What is unique about the ‘I’ hides itself in what is unimaginable about a person. All we are able to imagine is what makes everyone like everyone else, what people have in common.
I haven’t written here for a while, mainly because I felt like I didn’t really have much to write about. The ideal seems to be generate new posts at least weekly; but how likely is it that something variable will come up in an average week? The only real variability is inside my head which is cool to talk about in my diary and all but doesn’t feel appropriate for here.
So I now have a little more real-world experience to inflate. I went to Melbourne recently with my family and for the first time ever; I fell in wholesome love with the locale which we stayed in for a week.
This (pretty terrible) photo was the awesome view outside a small apartment by St Kilda’s Beach. The place itself had the nifty designs of youthful ergonomics and sly fashion. The kitchen pantry was labeled ‘eat.’ There was various sketches of lavished women like Sophia Loren. Etc. But the view from the windows was really something totalistic. It was a microcosm of life I couldn’t help being a part of – the small figures constantly whizzing around the skateboard park, people walking their dogs/kids on the shoreline in early mornings + afternoons in obvious rapture, joggers and couples on the esplanade, the golden halos of light over the sea and lighthouse and distant ships.. Reminded me of a computer game in a way, being able to see such panoptic views and notice people and activities in detail. Half the time I stayed inside to watch, building strong impressions of a new comfort zone, a new home.
The other set of impressions was similarly engrossing. Several nights, we walked on the trailside of the esplanade. The first time we saw stormy waters and imposingly dark skies and pounding winds making the lights out at sea blink frantically The second night was a more classical, mysterious experience with a crescent moon in a purple sky hanging over the distant city. The last night we went walking felt like an elegy, a totally calm sea and stable glowing lights bidding us a farewell. The contrast/flipside to this was the daytime esplanade – friendly passerby’s speaking an assortment of European languages, happy and relaxed people, windsurfing and sailing everywhere, palm trees, cafes with abundances of icecream, a lot of piers and ships. St Kilda’s became a place I considered part of my ‘poetic memory’. Not just the traveler’s escapist vision of puzzle pieces of total sensory comfort but a full experience of a down-to-earth, piquant kind of place and lifestyle. I was happy staying in its zone and not venturing out to the city much, and very sad when we eventually left. I still don’t know if I buy into the idea of travel as a life-transforming experience yet I really enjoyed constructing a new spiritual home.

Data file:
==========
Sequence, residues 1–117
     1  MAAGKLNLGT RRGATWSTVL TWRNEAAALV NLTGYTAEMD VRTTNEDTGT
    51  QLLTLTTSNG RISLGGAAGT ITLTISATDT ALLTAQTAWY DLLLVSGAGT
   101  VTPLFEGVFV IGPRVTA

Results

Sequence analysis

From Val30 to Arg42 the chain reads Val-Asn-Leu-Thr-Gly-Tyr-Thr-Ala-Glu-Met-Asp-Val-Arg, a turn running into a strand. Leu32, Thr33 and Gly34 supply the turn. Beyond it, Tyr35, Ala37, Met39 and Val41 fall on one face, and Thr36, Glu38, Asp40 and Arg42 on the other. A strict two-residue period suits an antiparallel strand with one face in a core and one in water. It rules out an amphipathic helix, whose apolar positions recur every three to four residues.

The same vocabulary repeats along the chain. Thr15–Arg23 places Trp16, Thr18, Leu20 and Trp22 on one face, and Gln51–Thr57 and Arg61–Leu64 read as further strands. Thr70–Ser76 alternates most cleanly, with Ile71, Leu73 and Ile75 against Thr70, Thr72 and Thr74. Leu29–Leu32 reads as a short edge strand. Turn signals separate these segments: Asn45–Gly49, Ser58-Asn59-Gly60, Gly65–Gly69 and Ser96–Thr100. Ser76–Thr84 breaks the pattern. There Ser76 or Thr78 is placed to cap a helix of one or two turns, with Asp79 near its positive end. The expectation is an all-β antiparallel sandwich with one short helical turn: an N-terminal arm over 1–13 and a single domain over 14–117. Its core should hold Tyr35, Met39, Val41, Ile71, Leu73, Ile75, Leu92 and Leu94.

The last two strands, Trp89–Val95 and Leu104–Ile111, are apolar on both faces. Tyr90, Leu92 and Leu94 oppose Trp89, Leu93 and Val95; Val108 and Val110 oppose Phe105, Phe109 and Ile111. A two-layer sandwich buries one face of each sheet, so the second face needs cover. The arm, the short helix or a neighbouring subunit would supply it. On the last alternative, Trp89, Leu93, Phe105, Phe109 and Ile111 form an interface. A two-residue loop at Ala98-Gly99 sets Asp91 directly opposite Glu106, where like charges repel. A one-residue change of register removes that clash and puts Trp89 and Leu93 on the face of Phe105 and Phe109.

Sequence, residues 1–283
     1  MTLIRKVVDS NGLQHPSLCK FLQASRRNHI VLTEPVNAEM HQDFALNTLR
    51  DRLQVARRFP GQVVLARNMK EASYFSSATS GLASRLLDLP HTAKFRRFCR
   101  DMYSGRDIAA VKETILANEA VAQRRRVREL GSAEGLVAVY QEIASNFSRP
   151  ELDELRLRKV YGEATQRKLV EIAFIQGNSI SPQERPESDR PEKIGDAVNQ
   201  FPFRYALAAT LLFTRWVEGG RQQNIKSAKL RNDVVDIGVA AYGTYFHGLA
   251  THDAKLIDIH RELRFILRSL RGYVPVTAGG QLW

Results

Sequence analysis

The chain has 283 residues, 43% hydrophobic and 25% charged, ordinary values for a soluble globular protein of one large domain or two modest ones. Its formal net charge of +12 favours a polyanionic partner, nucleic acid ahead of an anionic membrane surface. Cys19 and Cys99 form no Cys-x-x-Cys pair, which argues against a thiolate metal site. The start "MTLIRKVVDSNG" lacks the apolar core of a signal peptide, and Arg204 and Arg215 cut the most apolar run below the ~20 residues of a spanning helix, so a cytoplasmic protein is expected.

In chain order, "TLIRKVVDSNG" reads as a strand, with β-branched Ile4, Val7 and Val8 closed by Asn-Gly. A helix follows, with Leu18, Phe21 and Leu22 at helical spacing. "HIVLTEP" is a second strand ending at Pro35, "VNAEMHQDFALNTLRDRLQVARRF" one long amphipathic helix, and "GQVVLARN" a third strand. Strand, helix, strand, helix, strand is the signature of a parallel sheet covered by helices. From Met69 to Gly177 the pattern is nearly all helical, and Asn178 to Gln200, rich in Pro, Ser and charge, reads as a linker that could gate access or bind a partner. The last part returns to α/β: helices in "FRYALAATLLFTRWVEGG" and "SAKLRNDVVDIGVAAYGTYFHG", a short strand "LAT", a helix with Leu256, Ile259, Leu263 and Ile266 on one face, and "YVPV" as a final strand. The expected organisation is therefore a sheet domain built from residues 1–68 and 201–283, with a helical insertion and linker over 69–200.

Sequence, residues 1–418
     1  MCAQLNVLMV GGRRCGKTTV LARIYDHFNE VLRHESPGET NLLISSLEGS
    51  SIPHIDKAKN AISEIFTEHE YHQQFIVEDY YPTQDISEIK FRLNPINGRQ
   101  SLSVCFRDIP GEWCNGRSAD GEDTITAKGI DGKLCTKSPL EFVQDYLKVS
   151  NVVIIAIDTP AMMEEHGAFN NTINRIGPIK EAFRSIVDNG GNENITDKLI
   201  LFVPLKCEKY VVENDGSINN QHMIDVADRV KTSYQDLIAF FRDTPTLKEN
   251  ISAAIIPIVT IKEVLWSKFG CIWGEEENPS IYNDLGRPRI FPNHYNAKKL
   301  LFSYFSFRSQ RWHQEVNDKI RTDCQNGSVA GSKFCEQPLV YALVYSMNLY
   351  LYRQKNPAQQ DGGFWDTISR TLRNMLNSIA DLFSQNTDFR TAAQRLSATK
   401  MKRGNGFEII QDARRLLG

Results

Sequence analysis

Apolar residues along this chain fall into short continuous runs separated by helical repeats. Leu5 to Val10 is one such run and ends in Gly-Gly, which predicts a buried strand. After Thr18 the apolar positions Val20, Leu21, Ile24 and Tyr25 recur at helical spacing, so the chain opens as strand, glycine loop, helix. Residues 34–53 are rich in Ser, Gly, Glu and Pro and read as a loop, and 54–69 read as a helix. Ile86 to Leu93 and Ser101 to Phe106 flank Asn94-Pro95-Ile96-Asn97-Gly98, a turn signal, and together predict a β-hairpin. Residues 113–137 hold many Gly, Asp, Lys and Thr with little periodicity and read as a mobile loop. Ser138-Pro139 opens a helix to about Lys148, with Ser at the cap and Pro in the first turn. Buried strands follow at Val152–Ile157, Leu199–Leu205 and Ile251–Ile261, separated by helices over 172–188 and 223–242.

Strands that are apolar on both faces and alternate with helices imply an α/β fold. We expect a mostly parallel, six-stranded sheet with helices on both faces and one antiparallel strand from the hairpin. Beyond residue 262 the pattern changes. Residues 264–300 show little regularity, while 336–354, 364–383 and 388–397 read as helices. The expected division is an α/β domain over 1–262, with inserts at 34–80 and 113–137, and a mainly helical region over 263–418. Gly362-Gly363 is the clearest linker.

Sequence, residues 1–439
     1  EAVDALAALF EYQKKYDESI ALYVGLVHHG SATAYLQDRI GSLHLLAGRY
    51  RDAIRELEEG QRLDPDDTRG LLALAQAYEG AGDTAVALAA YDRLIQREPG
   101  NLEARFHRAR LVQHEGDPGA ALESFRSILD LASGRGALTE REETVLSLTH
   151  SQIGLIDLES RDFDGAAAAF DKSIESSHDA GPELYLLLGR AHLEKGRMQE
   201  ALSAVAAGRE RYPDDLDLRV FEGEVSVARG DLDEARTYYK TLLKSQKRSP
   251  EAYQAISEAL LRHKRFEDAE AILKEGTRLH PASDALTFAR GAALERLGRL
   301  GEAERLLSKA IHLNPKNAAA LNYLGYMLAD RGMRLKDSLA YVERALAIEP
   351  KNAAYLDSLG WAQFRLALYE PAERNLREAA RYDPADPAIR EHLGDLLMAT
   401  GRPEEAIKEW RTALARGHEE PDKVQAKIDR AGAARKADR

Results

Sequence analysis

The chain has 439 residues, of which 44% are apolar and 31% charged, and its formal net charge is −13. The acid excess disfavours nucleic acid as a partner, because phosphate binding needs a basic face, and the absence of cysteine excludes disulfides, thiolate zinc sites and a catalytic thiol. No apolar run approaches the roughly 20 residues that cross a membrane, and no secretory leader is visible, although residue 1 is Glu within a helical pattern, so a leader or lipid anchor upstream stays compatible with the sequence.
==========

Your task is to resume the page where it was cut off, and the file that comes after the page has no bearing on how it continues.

“This must be Thursday,” said Arthur musing to himself, sinking low over his beer. “I never could get the hang of Thursdays.”
Douglas Adams’ ‘The Hitchhiker’s Guide to the Galaxy’ (one of the funniest books/series ever)
My ongoing marathon of Joss Whedon’s show ‘Dollhouse’ has been a thought-provoking experience. Just finished S1! The show is not as well executed as it could be, Eliza Dushku (Echo/Caroline) doesn’t show the charisma or tonalities of a leading actress, and the episodes are erratic to say the least…but the concepts are pretty damn interesting.
The Season 1 finale superficially presents all its characters as emotionally affective with a fitting background track. Typically, this is meant to evoke the viewers’ sympathies, but all it does is show moral greyness. Having finally penetrated the agency, Paul Ballard is shown to have no particular moral qualm with it. He is actually quite comfortable operating within the parameters set by head honcho Adele and therefore becomes tacitly complicit in the Dollhouse’s general ethos of objectifying and commoditizing people to an extreme extent. It seems half of his struggle was getting Caroline; the victimized, help-seeking and vivacious girl he’d been fixating on. And, interestingly, the other half was in a way a satisfaction of his ego – proving the dollhouse exists and either subjugating/being formally recognized as equal by its agents. The latter which he got.
It is repulsive, in a way, but it’s all topical to the show’s larger commentary about people’s various fantasies and how they seek or fulfil them, whether through hiring dolls or going through their own means like Paul. Fantasy is not just a particular emotional entity, either, it’s a form of currency, a trade that seems to comply with a lot of business exchanges. People can (mostly) choose to sign five-year contracts to be dolls. Alternatively, they can be punished and effectively removed through the brain-jelly maker of ‘the attic’ – easy to equate this with defunct or demoted employees. The employees of the Dollhouse themselves– notably Topher, Langton and Adele – are perfectly morally comfortable with using the dolls on occasions to satisfy their own needs. They use them directly through particular imprints or indirectly; through fastidious and self-satisfied little gestures and comments towards the dolls validating them as good, though child-like customers. To them it’s sort of a perk of their jobs as well as an emotional reward. This discourse can be seen as being built up throughout the season as underlying the weekly plots, the slightly stultified characters and the ‘main-concept’ execution. It’s really the thing that draws you in – the concept of such an organization; a sci-fi-tropic agglomeration of all the futuristic visions of how people can participate in the role exploitation of the market through technology…without the full brunt of doomsday prophecies. The viewers are largely left to project their own moral totalizations. Season 2 here we friggin go!